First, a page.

Post-Its are used liberally at the Arizona Department of Environmental Quality, with some flow charts measuring well over 6 ft. tall.
To measure agency performance, the Government Transformation Office (GTO) uses a custom-built app called My Agency Scorecard that allows them to view a variety of important dashboards and reports. In just a few clicks, they can visualize statewide progress toward key metrics and high-priority goals.
That may sound simple and intuitive, but it took a lot of purposeful effort to create this cohesion.
At a Motor Vehicle Division office in downtown Phoenix, the walls are plastered with Huddle Boards and Lean terminology.
"When the governor first came into office, most of these agencies hadn’t even met each other before," said Josh Wagner, the Statewide Performance Manager. "Now they aren’t operating as separate entities anymore. We all think about the state as one enterprise – one system with multiple departments."
Impact by the Numbers
Decrease in the time it takes for the Department of Veteran Services (DVS) to complete resident assessments, improving the quality of care for veterans across the state.
Saved in the process to review complex and outlier claims at the Arizona Health Care Cost Containment System. After just five months under the AMS, the process time for these claims dropped from 62 days to 7 days.
1.3 million hours
Saved by Arizona customers at the Motor Vehicle Division (MVD) in 2017. Under the AMS, the average customer wait time went from 54 minutes down to 25 minutes.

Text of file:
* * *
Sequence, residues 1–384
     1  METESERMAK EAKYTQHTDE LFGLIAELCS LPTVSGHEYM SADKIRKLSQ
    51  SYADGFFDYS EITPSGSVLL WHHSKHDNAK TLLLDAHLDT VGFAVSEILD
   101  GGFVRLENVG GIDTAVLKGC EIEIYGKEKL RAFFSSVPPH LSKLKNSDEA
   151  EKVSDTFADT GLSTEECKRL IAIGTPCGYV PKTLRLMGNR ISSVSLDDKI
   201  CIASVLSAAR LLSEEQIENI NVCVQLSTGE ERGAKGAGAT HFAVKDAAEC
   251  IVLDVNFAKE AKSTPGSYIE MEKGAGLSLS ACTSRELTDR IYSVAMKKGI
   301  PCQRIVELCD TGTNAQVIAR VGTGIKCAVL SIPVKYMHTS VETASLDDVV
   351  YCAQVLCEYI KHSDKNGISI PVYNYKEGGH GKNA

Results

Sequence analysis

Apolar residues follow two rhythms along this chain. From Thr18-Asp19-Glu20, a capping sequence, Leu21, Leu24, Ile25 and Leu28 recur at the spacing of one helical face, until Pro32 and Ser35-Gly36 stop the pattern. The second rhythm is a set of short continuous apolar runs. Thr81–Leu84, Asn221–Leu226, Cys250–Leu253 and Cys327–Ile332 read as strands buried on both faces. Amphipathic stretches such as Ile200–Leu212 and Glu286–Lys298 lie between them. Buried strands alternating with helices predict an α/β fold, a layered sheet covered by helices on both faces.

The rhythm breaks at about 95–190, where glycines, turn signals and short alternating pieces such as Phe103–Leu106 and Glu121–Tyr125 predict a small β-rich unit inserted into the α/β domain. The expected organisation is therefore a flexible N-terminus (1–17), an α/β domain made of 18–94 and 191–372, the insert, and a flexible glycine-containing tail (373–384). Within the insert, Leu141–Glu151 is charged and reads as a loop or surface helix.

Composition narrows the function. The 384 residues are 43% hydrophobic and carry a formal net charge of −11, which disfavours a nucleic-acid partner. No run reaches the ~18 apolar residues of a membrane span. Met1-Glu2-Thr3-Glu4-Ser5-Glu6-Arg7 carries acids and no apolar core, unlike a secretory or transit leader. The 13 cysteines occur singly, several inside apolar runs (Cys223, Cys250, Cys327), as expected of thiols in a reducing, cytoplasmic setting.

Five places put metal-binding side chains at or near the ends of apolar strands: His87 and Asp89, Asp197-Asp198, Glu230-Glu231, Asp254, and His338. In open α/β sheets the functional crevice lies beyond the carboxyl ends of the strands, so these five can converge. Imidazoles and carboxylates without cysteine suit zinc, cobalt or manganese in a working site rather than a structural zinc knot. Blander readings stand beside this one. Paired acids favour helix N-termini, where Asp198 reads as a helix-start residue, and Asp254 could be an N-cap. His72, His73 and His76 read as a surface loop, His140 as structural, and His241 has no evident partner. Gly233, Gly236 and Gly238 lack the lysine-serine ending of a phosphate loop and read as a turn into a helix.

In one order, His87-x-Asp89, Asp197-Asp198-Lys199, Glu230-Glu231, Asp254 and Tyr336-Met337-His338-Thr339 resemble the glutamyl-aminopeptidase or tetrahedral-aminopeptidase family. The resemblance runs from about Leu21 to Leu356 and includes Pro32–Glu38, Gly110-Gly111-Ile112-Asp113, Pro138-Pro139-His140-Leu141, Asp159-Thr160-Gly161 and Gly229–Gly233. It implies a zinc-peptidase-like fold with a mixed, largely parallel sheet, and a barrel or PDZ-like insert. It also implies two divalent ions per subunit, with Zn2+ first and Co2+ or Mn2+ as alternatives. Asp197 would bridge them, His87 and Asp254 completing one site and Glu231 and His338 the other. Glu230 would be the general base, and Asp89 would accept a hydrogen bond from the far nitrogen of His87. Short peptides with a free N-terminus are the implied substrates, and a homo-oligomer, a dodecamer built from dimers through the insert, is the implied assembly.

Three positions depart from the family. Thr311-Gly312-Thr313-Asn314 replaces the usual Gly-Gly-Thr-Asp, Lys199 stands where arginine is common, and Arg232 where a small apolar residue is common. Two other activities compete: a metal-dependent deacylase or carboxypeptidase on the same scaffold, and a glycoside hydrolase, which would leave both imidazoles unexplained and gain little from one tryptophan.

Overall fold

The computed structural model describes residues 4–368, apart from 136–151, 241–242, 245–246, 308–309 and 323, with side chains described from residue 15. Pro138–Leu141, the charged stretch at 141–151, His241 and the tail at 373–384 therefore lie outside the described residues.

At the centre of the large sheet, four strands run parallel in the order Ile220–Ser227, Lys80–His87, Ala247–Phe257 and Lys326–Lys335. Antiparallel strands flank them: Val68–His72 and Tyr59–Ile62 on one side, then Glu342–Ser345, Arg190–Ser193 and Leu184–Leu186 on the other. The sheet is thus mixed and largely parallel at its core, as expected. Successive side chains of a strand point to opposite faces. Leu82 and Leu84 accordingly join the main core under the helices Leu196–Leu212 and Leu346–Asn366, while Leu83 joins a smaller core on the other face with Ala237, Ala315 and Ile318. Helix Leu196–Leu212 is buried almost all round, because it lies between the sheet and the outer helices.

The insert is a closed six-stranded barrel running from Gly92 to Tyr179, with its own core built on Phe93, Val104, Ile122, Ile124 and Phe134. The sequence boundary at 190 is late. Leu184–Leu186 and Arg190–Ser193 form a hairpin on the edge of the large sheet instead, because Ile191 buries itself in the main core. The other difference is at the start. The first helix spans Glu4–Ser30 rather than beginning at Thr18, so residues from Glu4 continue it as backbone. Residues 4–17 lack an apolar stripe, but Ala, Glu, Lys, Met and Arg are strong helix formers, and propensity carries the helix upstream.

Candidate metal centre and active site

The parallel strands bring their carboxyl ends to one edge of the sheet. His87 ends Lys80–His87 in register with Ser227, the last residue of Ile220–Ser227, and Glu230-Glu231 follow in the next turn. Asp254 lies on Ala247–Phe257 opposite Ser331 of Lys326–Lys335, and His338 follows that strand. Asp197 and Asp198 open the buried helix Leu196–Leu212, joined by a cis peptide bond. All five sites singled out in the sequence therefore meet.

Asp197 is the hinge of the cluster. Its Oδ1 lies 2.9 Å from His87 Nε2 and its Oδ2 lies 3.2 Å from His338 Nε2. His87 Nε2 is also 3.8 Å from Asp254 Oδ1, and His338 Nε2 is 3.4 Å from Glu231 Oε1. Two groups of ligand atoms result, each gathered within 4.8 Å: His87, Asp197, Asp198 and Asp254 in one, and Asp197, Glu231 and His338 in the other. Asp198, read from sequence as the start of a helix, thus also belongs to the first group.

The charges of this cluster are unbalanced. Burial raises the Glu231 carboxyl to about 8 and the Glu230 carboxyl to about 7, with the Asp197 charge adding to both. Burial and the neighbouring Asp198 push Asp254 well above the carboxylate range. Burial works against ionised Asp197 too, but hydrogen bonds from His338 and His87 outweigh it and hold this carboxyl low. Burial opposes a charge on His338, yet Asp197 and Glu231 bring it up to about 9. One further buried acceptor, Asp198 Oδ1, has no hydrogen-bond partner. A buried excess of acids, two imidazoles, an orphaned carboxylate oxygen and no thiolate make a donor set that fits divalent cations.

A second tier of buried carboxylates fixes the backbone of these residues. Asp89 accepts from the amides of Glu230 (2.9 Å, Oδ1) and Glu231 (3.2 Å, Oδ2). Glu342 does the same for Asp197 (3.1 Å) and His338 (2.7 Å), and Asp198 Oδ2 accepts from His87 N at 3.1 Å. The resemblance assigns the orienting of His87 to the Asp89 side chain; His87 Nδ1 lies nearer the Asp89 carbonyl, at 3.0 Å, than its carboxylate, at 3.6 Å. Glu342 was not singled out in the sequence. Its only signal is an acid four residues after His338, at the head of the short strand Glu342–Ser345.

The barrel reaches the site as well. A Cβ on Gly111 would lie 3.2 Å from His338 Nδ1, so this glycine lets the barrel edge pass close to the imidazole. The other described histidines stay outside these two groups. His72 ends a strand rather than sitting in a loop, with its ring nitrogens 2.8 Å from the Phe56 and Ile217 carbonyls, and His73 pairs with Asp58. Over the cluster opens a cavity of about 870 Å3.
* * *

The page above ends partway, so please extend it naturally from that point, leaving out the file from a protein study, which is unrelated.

In savings to customers through reduced fees at the Arizona Department of Quality and the Industrial Commission of Arizona.
Ducey knows exactly how many days are left in his second and final term as governor – "1,034," he said on the day we spoke with him.
He keeps that number top of mind not because he’s counting them down, but because he wants to prioritize the issues that matter most to Arizona taxpayers – like education, safety and fiscal responsibility.
He wants to get a lot more done, and he knows there’s a finite amount of time to make it happen. With AMS in effect across the state, he’s confident it will.
"This is my fifth year in office, and I’ve told my staff I expect to accomplish more during the next three years than we have during the last five," he said.
Although there’s no guarantee the next governor of Arizona will continue utilizing the Lean-based management system, Ducey believes he’s created something that will have a lasting impact not only in Arizona, but other states as well.
After touring the Arizona state government, business leaders from across the country left feeling inspired, empowered and - in the spirit of continuous improvement - excited to bring more of these Lean-thinking principles home with them.
MoreSteam provides online training and Blended Learning support tools and technology for Lean Six Sigma, Six Sigma and process improvement individuals, organizations, and deployments.
Built on Lean principles, the Arizona Management System was created to help the Arizona state government operate as one cohesive enterprise. It was developed and implemented under the leadership of Governor Doug Ducey after he was elected to his first term in 2014.